Our conversation resembled very much the one between Robinson Crusoe and Friday: pointing to various things around us we would give them the names in our two languages. This way I learned that chestnut was “chestanub”, honey is “Al Asal” and eyes are “orjoun”. We probably met several times in and outside the library, and I was following Ismails warning that inviting a girl who wears a head scarf to any other place than such a public spot could cause a serious problem for both sides. But even the occasional encounter between the two of us on the stairway outside the library must have attracted the attention of some watchdogs from either her or my country. Somebody must have been concerned that we might find our own very individual interpretation of friendship between the nations. And they might have also kept a record of the progress we made in our conversation, which became more and more intense, but absolutely ununderstandable for any outsider, who would have tried to sneak into our talks. For our own use we had created a sort of german-english-arabic Esperanto, that to anybody else must have sounded as a completely cryptic code. But I never considered, and neither did Samira, that Ismails advise not to meet each other somewhere else than at the library for moral reasons was indeed the most foolish thing to do. Because we were sitting there like on an open display: visible for everybody who wanted to keep a record of the frequency and intensity of our short, but regular meetings. And this was perhaps seen as an open demonstration of disobedience, for two totalitarian countries a heresy much worse than would have a secret get-together been.
The security forces acted fast, silently and efficient: without any warning Samira was send home to Syria with a couple of hours notice. And since we did not had telephone, let alone e-mail or mobile in the mid 80es, she could not even say good bye. I also had forgotten to give her my address, since for us the stairway of the library was always the natural place to meet. After a couple of days not seeing her I asked Ismail if he could find out what happened to her. His legendary talent in physics has made him an admired student not only for us, but in particular for most other foreign students from middle-east countries as well. So it took him only a short talk with a guy from the syrian students group to find out that Samira was back home. The explanation was that she came to Germany only for a short summer school in aerodynamics, and this course had finished now. Funny enough, the books she always read at the library were all about high-energy nuclear physics.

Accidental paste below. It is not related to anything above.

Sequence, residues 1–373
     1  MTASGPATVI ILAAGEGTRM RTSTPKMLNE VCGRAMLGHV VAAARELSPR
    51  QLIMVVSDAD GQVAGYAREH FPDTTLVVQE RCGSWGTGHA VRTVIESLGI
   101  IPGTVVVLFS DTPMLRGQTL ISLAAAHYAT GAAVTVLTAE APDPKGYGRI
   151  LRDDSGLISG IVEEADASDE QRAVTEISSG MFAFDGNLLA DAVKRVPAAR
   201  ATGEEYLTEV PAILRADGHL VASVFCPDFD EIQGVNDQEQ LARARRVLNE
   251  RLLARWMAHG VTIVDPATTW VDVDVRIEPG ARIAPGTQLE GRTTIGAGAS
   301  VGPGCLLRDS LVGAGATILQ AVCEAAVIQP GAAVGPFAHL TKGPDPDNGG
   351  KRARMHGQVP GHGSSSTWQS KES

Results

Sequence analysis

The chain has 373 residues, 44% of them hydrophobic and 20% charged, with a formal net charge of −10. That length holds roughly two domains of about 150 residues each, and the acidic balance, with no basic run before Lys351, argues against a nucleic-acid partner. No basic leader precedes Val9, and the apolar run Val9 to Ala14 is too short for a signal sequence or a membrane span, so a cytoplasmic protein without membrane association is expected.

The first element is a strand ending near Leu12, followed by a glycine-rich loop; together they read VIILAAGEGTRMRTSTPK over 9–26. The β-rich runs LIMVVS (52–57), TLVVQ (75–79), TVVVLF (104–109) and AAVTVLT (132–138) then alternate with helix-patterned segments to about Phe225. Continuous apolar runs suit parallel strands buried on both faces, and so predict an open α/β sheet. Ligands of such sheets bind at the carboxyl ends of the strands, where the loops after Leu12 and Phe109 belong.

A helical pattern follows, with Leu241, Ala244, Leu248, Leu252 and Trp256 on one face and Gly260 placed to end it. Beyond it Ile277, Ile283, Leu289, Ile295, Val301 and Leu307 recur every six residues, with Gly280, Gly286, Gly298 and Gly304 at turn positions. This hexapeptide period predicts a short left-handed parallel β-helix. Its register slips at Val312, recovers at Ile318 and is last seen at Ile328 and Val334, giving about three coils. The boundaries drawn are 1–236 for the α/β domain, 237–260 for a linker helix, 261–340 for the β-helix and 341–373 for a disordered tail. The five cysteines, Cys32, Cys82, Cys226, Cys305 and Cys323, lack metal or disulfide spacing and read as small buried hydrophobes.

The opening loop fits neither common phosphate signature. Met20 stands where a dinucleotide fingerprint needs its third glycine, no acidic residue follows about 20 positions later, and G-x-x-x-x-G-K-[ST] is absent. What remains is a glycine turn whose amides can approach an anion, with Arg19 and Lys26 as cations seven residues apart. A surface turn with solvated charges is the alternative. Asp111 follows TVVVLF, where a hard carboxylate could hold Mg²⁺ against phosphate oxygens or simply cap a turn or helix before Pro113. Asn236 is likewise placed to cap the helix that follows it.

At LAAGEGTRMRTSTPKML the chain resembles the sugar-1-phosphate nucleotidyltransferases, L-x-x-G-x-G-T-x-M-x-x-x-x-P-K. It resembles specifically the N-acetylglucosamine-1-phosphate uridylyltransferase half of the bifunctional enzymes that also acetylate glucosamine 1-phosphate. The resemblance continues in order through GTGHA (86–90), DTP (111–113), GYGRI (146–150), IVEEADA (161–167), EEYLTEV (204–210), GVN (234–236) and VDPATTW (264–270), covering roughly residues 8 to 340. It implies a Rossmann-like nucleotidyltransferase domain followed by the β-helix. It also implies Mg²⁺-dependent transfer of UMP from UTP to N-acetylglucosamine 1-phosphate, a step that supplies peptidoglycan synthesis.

Ismail with some degree of satisfaction said: “You see, I told you never try to court a girl with a head-scarf. You have to wait until somebody of her family lifts her scarf for you”. When I told him, that Samira ones already shifted her scarf backward, showing with or without intention some of her chestnut-coloured, curly hair and that she might not fit into his conventional idea of a modern girl, he band backward, started laughing and said “Oh Boy”. Ismails “Oh Boy” was a sort of final sentence of this short but inspiring relation to a girl with a head scarf that she was just about to lift without any help. It was like the two words “The End” on the final credits of a nice, long movie.Until recently, and still entangled in the belief that a german-english-arabic Esperanto is an easy way to bridge language-boarders I was convinced that “Oh Boy” means just “Oh Boy”, a very common vocative in english with a connotation that lays somewhere between compassion and admonition.
But only recently, 24 years later, I heard again this phrase, and now it sounded more like “Eh Baj”. It was during an interview with one of the students who took part in the 2009 demonstrations in Teheran, shown in Ali Samadi Ahadis wonderful movie “The Green Wave”. And here, the interview was subtitled, and I had to learn that Ismail was using the same “Eh Baj”, meaning “Oh God” when he commented my reckless idea of courting Samira. In these years in the late 80es the islamic “revolution” in Iran was just 10 years ago, and occasional reports about police forces in Teheran that would fix womans head-scarfs with pins on their head were taken as US propaganda. Still caught in the memories of Samira and her rather lavish usage of her scarf I did not had enough fantasy to imagine that a few strains of hair leaking under it could provoke a violent and inhuman reaction by the police. And I could not imagine that 24 years later an iranian student would talk about much worse violence on the streets of Teheran, using the phrase “Eh Baj” to express complete frustration and disgust.